LET THE FUR FLY
Want to take your four-legged friends on holiday? Here’s how
Pigs can’t fly, right? Well, yes and no. A pig and its owner were recently kicked off a US Airways flight after the porky pet became disruptive before takeoff. While you can’t take a piggy on a plane in Australia, that doesn’t mean you can’t take your dog or cat on holiday. Virgin Australia even rewards pet owners with frequent flyer points for their jetsetting pooch (or kitty).
There is only one way to stop your fur baby from giving you the cold shoulder when you return home from your travels, and that is to take them with you.
CAN MY PET TRAVEL BY PLANE?
Only service dogs are permitted to travel in a plane’s passenger cabin in Australia, but other animals can be accommodated in the cargo hold in a pet transport crate. “The crate must be large enough for your pet to stand up, turn around and lie down in,” says Ali Webster, executive manager of freight and catering at Qantas. “It must also have a water bowl big enough for the journey that is easily accessible by your pet and fillable from outside the cage.”
Dogs and cats are welcome on Virgin Australia flights while Qantas also accepts rabbits, guinea pigs and domestic fish and birds.
“Visit your vet before flying with your pet to ensure they are fit and healthy to fly,” Webster says. “Also ensure your pet has time to get familiar with its travel crate a few weeks or months before travelling. And finally, remember to put a favourite comfort toy or blanket in with them.”
CAN I TAKE MY PET OVERSEAS?
Some airlines such as KLM, Air France, United Airlines and US Airways will let you bring small pets into the passenger cabin on domestic flights. However, you will need to get your furry friend overseas first.
Due to the complexity of quarantine laws and to ensure your pet’s wellbeing, an approved International Pet and Animal Transportation Association (ipata.org) agent should be used if you are flying internationally.
ANY TIPS FOR FLYING?
Consider flying early in the morning or in the late afternoon to minimise the chance of heat stress, particularly if you are travelling to or from a warm destination. On the day of travel, give your pet the opportunity to go to the toilet, stretch and exercise before check-in at the cargo terminal.
“Customers and their pets should arrive 90-120 minutes before departure” Webster says.
“Completing the relevant paperwork online in advance will save you time.”
Do not medicate your pet. “We urge people not to sedate their pet as it’s important for us to tell if they are sick or sleepy when we check on them at different points in the journey,” Webster says.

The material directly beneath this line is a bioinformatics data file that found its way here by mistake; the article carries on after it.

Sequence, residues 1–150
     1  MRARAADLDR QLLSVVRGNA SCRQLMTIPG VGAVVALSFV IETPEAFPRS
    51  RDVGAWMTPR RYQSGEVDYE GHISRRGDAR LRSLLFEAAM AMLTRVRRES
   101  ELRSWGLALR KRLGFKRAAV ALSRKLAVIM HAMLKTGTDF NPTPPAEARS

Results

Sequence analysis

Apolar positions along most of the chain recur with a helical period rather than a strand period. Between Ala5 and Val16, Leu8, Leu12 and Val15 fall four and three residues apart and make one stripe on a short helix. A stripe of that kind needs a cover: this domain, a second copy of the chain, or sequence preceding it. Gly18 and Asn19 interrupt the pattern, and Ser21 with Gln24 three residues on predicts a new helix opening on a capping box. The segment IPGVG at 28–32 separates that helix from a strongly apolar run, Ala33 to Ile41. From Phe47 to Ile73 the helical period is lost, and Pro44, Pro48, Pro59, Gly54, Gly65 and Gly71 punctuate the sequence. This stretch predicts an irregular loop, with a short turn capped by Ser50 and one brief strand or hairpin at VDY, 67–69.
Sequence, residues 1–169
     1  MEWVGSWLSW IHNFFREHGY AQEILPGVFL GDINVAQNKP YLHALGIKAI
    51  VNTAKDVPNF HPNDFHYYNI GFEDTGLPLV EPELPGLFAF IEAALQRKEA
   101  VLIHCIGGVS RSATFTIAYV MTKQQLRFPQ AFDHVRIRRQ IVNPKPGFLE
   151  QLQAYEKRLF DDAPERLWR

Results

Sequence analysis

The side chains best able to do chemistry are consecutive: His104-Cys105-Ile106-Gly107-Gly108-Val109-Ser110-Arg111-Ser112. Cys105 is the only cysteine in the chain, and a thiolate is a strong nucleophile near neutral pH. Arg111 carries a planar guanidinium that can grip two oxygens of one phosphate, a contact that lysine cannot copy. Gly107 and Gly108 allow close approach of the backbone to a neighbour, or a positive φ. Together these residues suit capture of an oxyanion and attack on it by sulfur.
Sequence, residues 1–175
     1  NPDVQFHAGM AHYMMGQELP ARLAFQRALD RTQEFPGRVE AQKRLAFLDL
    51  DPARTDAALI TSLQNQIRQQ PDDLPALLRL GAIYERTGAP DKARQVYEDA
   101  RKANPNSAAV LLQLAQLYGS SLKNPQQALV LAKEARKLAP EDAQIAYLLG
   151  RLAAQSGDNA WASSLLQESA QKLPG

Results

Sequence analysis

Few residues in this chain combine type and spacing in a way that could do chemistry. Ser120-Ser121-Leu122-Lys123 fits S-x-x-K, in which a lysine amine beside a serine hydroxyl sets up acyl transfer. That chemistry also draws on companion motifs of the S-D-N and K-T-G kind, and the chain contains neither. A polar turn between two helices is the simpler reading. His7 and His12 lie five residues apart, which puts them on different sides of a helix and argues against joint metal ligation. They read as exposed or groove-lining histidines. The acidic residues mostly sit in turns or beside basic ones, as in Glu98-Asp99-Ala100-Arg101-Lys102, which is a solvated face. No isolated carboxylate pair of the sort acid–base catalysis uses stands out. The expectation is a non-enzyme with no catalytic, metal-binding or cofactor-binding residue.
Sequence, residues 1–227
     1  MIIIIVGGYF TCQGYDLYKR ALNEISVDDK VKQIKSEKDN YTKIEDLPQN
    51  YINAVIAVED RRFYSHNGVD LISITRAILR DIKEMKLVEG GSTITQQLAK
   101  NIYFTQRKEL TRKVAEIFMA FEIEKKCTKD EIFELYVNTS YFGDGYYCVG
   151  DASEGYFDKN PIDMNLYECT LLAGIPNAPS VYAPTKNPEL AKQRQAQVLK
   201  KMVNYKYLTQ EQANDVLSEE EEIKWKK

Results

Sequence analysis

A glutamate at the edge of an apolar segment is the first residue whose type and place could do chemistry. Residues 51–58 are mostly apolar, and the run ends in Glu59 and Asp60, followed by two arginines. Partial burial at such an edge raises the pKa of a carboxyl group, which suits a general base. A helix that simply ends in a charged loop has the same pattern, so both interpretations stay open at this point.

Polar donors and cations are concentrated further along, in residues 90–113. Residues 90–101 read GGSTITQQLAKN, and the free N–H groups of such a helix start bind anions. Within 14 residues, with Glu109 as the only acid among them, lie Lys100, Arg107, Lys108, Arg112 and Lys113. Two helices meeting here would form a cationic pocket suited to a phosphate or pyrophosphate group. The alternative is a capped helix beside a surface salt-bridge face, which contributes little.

WHAT ABOUT A ROAD TRIP?
Thirty minutes into an eight-hour car journey is not the time to discover your pet gets car sick, so do a trial run first if they aren’t used to travelling by car. An approved dog vehicle restraint (or pet carrier for smaller animals) will help to ensure everyone has a safe and comfortable journey. Make regular stops so your pet can stretch their legs and go to the toilet, but keep them on a lead so they don’t run away. If you would like to travel to or from Tasmania but would prefer not to fly, your pet can travel in one of the Spirit of Tasmania’s purposebuilt kennels for $22 each way.
WHAT ABOUT ACCOMMODATION?
Joanne Keown from BIG4 Gold Coast Holiday Park says owners should always tell their accommodation provider they are travelling with a pet.
“You should definitely let them know in advance,” she says.
“Even if a holiday park (or other accommodation option) is pet friendly, not all cabins may be suitable for pets.”
While your dog or cat should never be allowed to roam free, it can
REMEMBER TO PUT A FAVOURITE COMFORT TOY OR BLANKET IN WITH THEM
be a good idea to ensure their microchip owner-contact details are up to date just in case they do wander off. Attaching an ID tag to their collar makes it even easier for a good Samaritan to reunite you.
WHAT ABOUT LEAVING THEM BEHIND?
If your pet is staying home, you can leave them at a cattery or kennel or with a housesitter. The best boarding facilities get booked up well in advance, so don’t leave it too late. Ask friends for recommendations or visit nearby facilities and choose the one you think your pet will like best.
If you would like someone to look after your pet in your home and can’t find a pet-loving housesitter using word of mouth, there are services that can help.
PetCloud, a website where pet owners can search a national network of trusted and policechecked pet sitters, is part-owned by RSPCA Queensland and a portion of the profits go back to the RSPCA to help animals in need.
Deb Morrison, founder of PetCloud, suggests arranging a meet-and-greet at your house to see how the petsitter interacts with your pet. “Go through your pet’s normal routine and talk about what you want the housesitter to do,” she says. “Don’t be afraid to go with your gut instinct if you are having doubts.”
If you organise the meet-andgreet a month or two in advance, there is still time to find another sitter if the first one isn’t a good fit.
ANIMAL ANTICS A Jack Russel terrier is all smiles while on holiday with its owners in Amalfi, Italy.